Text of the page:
A Guide to Steer Your Academic Career
Edited by Alain Fayolle and Mike Wright
Chapter 8: Moving from the periphery to the inner circle: getting published from your thesis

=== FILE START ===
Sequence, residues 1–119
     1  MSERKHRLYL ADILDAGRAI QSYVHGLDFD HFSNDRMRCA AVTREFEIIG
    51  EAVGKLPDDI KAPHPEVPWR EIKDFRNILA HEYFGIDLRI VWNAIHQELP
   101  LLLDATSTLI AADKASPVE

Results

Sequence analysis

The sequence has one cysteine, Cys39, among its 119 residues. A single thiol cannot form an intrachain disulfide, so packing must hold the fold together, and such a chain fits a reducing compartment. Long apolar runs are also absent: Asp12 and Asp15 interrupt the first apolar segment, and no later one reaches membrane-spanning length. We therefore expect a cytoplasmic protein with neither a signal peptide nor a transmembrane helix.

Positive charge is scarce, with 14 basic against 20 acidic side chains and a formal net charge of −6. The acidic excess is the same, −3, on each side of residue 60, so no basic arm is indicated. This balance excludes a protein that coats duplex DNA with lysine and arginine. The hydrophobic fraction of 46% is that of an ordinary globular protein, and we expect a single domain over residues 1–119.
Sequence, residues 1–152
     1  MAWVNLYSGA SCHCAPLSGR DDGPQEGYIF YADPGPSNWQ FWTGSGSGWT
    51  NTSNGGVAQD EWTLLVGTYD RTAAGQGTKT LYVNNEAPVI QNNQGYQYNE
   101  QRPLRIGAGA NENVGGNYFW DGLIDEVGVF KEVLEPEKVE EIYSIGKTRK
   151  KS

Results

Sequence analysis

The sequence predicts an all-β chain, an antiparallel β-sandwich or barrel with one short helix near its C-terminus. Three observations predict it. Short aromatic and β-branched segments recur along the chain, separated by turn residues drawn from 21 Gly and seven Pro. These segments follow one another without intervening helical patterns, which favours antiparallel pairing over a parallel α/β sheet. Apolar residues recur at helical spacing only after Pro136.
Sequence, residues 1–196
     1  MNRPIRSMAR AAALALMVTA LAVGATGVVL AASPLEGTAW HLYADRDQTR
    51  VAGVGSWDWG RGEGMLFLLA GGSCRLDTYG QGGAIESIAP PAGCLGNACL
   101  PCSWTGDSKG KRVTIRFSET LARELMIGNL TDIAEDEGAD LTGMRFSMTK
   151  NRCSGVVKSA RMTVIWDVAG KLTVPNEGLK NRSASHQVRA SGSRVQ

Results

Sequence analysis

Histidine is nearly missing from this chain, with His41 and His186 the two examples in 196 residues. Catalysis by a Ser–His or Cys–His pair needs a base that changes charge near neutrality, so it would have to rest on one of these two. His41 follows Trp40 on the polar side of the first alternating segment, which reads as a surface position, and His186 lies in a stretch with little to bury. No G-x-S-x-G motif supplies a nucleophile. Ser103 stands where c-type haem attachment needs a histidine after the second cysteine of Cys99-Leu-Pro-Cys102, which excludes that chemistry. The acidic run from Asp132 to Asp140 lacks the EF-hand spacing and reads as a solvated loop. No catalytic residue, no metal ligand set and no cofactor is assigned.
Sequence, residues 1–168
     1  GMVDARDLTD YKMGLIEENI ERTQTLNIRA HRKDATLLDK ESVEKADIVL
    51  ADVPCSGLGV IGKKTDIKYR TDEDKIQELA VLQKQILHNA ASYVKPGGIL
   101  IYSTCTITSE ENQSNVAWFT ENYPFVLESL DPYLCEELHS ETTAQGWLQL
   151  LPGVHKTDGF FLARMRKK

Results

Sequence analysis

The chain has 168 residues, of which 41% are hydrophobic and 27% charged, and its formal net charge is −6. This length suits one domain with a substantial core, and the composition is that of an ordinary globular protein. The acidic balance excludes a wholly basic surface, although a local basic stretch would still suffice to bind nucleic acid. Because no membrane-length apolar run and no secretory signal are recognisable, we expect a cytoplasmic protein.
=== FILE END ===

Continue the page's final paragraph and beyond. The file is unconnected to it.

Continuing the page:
As a doctoral student you will undoubtedly be met with demands for publication ñ sooner rather than later. Since you will start out as a novice in the race for publication, you will need some advice on how to get a head start. This chapter is a primer for doctoral students in the early phases of working on their dissertation. It sets out to provide some basic guidelines for how to overcome the significant challenge posed by publication requirements. It commences with an auto-ethnographic narrative of the doctoral process. It proceeds to address the differences between the monograph and the article-based thesis, highlighting the pros and cons of each. This is followed by some general advice on how to publish from your PhD. In conclusion it deals with the issue of an academic identity and the emotions involved in the process of development. I started my PhD in 2007 in a UK university and completed it in 2010. Three years of total immersion in the field, of total involvement and engagement with my data, analysing, theorizing and summarizing, watching and waiting for themes and findings to emerge from this complex combination of theory and practice; zooming in and zooming out of the field and building my research skills, writing skills and the sense of myself as an ëacademicí. My PhD thesis was in the form of a monograph, the more common form of PhD in the UK.
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